Stop feeling guilty for watching network TV on your DVR — you might not be contributing to the threat of low ratings, as the programming world is starting to take notice of shows that perform well up to a week after airing.
The New York Times reports that the shift comes as networks monitor not only how shows are watched by viewers during the “commercial plus three” or C3 ratings (the time when advertisers pay networks) but for over a whole seven days of sitting on your DVR, waiting for the right time.
Of course, while that might indicate something about a show’s audience, advertisers might not even care, as often ads are aimed at special events within a few days of a show’s airing. Or, as we see it, no one with a DVR is even watching commercials — what would the point in that be?
The bigwigs think it’s important though, so that’s something, especially when saving specific shows like Fox’s Fringe.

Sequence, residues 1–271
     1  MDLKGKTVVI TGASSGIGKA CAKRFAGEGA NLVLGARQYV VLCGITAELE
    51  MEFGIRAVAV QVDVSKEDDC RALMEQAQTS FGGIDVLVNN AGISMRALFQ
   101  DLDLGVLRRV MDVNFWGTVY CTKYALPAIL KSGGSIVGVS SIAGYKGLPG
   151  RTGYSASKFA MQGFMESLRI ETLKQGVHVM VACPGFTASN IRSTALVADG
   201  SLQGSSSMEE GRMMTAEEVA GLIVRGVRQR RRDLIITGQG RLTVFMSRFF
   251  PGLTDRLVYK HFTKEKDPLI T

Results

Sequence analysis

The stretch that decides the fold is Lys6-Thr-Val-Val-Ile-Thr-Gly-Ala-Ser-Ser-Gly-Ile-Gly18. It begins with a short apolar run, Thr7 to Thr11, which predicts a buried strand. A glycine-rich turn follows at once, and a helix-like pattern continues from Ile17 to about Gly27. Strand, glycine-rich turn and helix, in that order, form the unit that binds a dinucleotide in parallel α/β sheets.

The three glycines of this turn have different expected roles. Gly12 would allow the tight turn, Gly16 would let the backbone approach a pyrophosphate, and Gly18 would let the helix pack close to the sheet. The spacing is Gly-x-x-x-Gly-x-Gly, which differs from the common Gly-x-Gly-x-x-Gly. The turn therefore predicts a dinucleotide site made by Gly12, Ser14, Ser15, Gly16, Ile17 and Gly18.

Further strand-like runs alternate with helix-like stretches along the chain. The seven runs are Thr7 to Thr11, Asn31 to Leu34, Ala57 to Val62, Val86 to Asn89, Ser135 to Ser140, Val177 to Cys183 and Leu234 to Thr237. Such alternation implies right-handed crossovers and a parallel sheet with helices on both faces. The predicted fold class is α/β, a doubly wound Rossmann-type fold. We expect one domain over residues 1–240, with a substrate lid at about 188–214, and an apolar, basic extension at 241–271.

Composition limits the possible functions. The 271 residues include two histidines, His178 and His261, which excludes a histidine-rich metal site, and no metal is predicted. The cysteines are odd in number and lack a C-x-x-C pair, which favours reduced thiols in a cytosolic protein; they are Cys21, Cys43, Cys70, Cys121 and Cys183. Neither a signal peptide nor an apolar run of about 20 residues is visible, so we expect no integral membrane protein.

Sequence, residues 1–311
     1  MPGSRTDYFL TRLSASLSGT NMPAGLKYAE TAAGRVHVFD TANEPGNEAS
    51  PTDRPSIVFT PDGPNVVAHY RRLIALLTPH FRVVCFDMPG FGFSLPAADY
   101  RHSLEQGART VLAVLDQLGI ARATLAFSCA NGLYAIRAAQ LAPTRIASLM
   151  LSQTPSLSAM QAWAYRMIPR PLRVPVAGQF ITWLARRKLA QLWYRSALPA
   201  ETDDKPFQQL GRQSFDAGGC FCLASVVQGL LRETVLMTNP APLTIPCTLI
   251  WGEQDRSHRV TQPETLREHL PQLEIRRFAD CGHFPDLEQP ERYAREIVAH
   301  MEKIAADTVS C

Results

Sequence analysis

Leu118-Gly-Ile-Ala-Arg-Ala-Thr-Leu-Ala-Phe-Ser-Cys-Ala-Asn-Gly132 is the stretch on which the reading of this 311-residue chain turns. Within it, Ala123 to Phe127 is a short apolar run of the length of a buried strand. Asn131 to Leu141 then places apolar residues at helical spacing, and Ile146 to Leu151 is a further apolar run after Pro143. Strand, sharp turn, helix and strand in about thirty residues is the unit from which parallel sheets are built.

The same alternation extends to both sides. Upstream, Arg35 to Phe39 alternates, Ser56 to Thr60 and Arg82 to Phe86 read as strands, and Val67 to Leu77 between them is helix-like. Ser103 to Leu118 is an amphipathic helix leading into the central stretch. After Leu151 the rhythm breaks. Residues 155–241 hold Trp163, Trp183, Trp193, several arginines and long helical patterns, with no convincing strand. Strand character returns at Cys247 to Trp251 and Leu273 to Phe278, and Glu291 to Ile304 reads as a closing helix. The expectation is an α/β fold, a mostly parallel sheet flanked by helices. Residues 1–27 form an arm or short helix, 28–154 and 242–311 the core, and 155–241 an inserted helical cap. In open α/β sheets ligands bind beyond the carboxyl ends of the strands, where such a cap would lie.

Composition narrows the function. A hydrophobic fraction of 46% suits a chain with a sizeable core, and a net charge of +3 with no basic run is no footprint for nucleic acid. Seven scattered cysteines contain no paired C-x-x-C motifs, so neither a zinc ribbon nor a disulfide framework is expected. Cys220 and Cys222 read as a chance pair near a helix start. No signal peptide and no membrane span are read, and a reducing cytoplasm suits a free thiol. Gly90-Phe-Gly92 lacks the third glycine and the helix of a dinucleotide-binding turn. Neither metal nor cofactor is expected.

“More and more our obsession has to be how to engage and count viewers wherever they are,” network programmer Kevin Reilly told the NYT. “If that’s on a DVR, that counts too.”
Even if you’re not watching ads on your DVR, you’re still watching it and at some point, might watch it without a DVR.
“You’d be foolish not to look at the DVR performance as a measure of the potential a program has,” said Alan Wurtzel, the president for research at NBC. “You have to recalibrate everything: what’s a hit; what’s a marginal show; what’s a failure.”
The other thing about DVRs, says the story, is that by now, if you wanted one, you’d have one, and those worried about the costs involved in paying the bills on one aren’t likely to start ponying up the cash now.
Networks See Ratings Hope in DVR Viewers [New York Times]